That part was actually quite straighforward, mostly due to a stroke of luck that we had," he explains. "Back in the 1990s the house had a leak in the ceiling directly above the foot of the staircase and it destroyed the floor. The hole had just been covered in plywood because the floor would cost €200,000 to repair properly so we just lifted up the plywood and put a tank into the ground, and we laid out a new floor. After we shot those scenes we just let the water trickle down through the gaps and then with a few mops and a few cloths the floor was dry again. If it had been any other house in Ireland we wouldn't have been able do it."

The lake, he says, was more difficult, although he only had to put actors in it for two scenes.

Charlotte Vega in the woods
Charlotte Vega in the woods

"It was freezing, and it was stagnant water because it was a man-made lake, so they had to have chemical showers afterwards. The entire underwater sequence at the end was shot in a swimming pool, or actually in two pools. One was very warm and shallow. We shot in that first, for two days, and then we shot for two days in a pool that was very deep and cold."

He's quick to praise his cast for putting up with it.

"They were really cold over two days. It was tough on us all. Apart from anything else, shooting underwater is at least four time slower than normal shooting so we could only do 10 to 15 shots per day. We had a very strict schedule we had to follow so every shot is in the movie - there isn't anything else. But I think the end result is pretty convincing, if I do say so myself. We had the idea to have them swim into a void so we could shoot against black, which makes things much simpler... but it also looks haunting. I think it suits the picture best and it's something that lends itself to our budget."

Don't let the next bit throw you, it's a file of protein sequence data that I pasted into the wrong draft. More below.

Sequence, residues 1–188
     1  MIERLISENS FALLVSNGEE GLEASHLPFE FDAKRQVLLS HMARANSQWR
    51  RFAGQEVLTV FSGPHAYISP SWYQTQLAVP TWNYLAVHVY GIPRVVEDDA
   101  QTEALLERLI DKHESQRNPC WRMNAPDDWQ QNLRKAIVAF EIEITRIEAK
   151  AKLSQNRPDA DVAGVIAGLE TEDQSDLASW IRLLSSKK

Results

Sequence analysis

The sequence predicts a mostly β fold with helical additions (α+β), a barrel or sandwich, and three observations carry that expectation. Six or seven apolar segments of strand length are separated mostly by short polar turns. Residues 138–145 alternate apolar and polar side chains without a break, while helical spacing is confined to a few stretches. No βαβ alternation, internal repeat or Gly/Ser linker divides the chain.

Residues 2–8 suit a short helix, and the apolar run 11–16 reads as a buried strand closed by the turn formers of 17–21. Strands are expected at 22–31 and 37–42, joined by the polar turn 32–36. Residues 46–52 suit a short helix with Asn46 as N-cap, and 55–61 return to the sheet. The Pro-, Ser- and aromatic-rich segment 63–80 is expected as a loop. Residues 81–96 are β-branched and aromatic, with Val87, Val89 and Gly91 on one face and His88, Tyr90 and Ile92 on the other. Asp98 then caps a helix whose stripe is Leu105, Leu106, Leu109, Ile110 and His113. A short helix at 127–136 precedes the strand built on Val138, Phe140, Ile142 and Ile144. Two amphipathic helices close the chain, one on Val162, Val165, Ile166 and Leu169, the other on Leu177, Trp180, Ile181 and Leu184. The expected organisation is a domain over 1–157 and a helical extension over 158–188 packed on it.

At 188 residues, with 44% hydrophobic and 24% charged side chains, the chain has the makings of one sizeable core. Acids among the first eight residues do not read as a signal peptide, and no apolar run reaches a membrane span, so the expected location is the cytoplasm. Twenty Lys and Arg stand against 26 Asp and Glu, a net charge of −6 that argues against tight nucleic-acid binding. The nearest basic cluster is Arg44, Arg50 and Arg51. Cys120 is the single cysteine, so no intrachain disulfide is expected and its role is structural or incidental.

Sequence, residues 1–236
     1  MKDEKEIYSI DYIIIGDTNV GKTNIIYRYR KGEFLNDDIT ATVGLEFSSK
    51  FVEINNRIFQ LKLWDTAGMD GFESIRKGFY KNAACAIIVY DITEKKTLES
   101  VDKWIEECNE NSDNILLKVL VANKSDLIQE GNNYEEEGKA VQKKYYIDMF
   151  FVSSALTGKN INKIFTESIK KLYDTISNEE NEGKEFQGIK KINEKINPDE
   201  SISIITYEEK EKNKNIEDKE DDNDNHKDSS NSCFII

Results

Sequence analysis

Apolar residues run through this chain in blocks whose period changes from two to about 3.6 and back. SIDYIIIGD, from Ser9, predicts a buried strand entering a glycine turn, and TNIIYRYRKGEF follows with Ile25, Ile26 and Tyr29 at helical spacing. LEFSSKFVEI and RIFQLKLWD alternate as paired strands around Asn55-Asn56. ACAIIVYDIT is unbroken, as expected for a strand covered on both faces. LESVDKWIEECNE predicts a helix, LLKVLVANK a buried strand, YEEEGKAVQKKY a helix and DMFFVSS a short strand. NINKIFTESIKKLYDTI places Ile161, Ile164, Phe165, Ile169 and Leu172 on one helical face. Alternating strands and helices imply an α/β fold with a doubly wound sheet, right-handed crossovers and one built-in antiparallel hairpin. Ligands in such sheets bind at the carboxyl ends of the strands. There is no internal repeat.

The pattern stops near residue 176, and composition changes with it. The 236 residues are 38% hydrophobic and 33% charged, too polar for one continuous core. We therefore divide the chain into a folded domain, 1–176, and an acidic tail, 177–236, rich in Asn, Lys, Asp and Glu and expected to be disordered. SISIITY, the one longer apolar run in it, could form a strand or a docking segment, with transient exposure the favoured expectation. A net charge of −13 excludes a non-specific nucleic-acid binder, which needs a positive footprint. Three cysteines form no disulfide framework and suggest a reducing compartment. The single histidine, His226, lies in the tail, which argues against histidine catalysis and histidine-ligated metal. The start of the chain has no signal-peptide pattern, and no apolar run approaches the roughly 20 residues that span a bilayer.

I heard a rumour, I say, that the house where they were shooting is supposedly haunted in real life.

"It's considered to be the most haunted house in Ireland," he responds. "It was actually 666 years old when we were shooting - it's 667 now - and it was refurbished 250 years ago. It's a unique house and we felt as if we'd travelled back through time when we went there, because everything about it is authentic from that era, although it's in a poor state of repair. It has a strange presence. Everywhere you look you can see the evidence of the people who lived there before. The wood in the banister is darkened and we worked out that the only thing that could have done that was the oil from many hands, because it's not varnished or waxed. Then there are the floorboards with the imprint of the people who treaded them. You get a great sense of what it must have been like to live in a great house like this all these years ago. It's like you can sense the people who lived there by their absence, and that's a really weird feeling."

Behind the gates
Behind the gates

The Irish location means that the house has a complicated history which adds a further subtext to the film.